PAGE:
When a family loses a loved one, the grieving process is difficult under any circumstances. Family members should be able to focus solely on supporting and consoling each other. Unfortunately, even while the family continues to grieve their loss, they also face the task of making sure that their loved one’s financial affairs are put in order.
A question that often arises is whether family members are individually, personally responsible for paying their deceased loved one’s debts. Under most circumstances, family is not responsible for the debts of a person who dies. However, debts must be identified and paid to the extent there assets available in the estate. There is a very precise process established by law that must be followed to make sure that happens.
Who Is Responsible for Distributing an Estate?
If there is a will, the decedent likely named a personal representative, sometimes also referred to as the executor, to administer the estate. If there is no will, the court will appoint a person to administer the will. In either circumstance, the personal representative has substantial legal responsibilities with regard to the estate and should retain a lawyer to ensure that all those responsibilities are met.
A personal representative has a complex job and stringent responsibilities to the heirs and beneficiaries of the estate. Those responsibilities are described as fiduciary duties. That means they must be completed with the highest possible standard of care. The duties include carrying out the wishes of the decedent and complying with all requirements of the law.
In Michigan, the probate courts are charged with making sure that a decedent’s estate is distributed correctly. The court process is called probate administration. The actual process that the estate goes through is often referred to as estate administration, which includes all the actions that the personal representative is required to take in distributing and settling the estate.
Duties of a Personal Representative with Regard to Debts of the Estate
A key responsibility of the personal representative is to identify and notify all creditors of the decedent. There are specific statutory requirements applicable to creditor notices. Michigan estate law also sets time limits within which claims must be filed against an estate. If a creditor does not file a claim within the time limit, the claim will not be allowed.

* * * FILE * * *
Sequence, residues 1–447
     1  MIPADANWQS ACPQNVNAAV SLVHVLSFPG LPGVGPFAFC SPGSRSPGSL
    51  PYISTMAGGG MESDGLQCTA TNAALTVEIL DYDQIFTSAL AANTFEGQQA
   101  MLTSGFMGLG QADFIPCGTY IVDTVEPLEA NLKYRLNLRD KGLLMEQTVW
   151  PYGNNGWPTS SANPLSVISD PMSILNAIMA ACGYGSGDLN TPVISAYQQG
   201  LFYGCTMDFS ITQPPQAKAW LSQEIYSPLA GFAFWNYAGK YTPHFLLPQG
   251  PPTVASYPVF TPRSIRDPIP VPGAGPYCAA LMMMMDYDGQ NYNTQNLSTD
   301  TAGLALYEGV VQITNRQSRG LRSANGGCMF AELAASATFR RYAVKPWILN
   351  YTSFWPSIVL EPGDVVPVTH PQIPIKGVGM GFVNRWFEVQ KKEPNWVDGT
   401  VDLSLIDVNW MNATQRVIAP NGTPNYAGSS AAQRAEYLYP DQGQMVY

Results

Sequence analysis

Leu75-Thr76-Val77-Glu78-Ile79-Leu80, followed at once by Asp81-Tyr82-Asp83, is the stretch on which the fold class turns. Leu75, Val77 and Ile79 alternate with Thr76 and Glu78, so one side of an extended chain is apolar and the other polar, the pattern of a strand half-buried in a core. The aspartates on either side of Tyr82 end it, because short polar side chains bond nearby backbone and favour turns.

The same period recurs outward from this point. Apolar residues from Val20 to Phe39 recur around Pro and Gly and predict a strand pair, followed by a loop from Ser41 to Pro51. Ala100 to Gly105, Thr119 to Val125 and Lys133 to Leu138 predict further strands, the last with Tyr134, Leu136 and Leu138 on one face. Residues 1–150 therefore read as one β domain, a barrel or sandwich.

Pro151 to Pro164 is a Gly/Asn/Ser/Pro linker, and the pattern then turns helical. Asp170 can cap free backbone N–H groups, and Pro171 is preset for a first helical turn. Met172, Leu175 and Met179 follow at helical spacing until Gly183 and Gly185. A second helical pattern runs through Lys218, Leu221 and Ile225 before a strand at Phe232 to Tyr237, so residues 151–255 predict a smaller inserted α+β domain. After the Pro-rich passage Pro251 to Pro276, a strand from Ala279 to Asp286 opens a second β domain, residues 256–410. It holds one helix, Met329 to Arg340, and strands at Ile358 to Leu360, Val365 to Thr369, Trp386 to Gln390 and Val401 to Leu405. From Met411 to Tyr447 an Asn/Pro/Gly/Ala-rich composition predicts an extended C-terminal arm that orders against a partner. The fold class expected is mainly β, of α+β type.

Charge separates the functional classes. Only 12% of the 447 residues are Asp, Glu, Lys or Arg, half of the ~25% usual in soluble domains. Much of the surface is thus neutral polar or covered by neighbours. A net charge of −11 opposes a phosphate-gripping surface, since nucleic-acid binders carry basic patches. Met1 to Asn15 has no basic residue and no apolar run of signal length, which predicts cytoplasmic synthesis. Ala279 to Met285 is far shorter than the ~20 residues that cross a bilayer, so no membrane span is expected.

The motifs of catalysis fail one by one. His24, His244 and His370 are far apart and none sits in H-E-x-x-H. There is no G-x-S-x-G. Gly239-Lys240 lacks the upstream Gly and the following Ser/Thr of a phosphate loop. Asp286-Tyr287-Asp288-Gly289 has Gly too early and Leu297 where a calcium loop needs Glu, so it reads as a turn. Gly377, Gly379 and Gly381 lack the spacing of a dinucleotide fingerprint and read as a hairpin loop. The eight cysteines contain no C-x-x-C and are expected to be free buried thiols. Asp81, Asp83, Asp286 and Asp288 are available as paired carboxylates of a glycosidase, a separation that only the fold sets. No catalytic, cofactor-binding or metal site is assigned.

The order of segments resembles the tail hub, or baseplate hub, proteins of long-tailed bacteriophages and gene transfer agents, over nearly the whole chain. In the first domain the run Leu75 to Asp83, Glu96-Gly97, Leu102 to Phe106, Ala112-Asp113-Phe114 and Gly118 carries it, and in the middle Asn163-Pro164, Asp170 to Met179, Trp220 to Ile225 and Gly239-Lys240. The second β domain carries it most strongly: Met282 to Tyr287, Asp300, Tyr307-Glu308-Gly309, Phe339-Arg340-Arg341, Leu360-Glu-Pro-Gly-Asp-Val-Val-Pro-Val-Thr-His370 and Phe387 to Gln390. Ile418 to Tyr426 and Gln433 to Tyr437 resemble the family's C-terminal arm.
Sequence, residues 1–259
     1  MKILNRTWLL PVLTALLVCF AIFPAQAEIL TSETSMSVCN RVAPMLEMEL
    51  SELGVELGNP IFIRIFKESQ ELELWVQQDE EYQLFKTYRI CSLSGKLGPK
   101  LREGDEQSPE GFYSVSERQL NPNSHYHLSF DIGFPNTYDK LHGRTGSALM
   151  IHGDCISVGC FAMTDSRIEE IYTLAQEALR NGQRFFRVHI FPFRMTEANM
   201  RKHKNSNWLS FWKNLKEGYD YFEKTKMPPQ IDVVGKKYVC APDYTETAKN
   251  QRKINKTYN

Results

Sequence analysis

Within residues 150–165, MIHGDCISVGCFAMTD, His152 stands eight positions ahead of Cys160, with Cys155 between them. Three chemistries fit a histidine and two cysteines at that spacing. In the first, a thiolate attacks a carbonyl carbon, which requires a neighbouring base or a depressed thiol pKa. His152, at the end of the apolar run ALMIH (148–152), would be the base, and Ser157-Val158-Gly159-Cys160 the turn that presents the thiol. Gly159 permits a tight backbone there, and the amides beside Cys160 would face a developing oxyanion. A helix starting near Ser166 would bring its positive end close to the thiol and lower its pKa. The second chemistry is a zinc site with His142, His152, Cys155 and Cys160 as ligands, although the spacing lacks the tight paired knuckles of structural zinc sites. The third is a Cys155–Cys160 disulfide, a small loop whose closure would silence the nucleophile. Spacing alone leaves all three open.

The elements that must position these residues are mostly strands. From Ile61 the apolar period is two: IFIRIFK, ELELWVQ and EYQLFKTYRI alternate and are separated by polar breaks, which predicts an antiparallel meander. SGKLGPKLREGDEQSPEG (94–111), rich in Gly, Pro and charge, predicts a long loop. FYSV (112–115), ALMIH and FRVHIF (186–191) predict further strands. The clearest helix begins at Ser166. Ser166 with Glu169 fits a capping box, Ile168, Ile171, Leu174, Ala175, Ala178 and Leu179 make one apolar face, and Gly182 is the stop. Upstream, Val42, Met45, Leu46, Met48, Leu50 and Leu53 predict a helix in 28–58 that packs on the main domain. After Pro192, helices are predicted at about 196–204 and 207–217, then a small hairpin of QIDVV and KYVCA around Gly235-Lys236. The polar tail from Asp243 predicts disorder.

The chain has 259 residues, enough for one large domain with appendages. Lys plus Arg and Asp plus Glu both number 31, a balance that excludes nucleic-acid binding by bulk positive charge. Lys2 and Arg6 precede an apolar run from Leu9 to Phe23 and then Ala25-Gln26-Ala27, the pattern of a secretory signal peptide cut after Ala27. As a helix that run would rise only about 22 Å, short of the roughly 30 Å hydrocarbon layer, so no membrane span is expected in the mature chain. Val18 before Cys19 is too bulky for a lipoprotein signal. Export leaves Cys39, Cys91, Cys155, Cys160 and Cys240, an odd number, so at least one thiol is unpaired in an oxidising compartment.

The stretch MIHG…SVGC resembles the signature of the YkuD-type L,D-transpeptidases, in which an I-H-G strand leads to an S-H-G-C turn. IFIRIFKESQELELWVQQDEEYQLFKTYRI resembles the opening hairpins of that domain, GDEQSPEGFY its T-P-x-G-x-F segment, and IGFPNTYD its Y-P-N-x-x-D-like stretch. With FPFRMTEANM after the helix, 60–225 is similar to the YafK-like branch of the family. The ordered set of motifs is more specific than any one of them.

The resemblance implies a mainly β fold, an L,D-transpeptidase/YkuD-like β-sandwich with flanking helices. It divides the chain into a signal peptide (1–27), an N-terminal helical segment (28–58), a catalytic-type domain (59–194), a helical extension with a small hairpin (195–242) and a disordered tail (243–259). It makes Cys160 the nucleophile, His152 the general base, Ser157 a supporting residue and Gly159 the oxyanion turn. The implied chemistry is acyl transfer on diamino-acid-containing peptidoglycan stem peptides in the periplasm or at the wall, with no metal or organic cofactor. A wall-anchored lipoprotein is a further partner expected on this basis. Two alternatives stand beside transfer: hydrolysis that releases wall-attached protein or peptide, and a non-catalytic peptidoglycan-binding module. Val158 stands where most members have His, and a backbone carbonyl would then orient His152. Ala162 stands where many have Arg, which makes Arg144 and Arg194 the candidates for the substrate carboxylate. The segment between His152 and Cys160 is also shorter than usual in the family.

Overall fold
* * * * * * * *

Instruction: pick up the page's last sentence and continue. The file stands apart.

The rules for paying creditors are complex. The law provides a priority in which claims are to be paid. The order of priority is:
- Administrative expenses and reasonable funeral and burial expenses
- Statutory allowances for the decedent’s family
- Debts and taxes with priority under federal law; expenses arising from the decedent’s last illness; debts and taxes with priority under Michigan law
- All other claims
If there are insufficient funds in the estate, including assets in a revocable living trust, to pay all the creditors, the estate may be closed without paying some claims or by resolving debts through partial payment.
Family members are not personally liable for unsecured debts of the decedent, such as credit card bills, medical expenses, utility bills, or personal loans, unless the family member co-signed the loan or account. Secured debts, such as a home mortgage or car loan, must be repaid in full, or the lender has the right to repossess the property that secures the loan. As with unsecured debts, family members are not personally liable for secured debts unless they co-signed a loan.
While family members are not responsible for debts of the estate, they may be required to return estate property that was distributed to them if it turns out the property is needed to satisfy debts of the estate.
By Don L. Rosenberg, JD, Principal partner at Barron, Rosenberg, Mayoras & Mayoras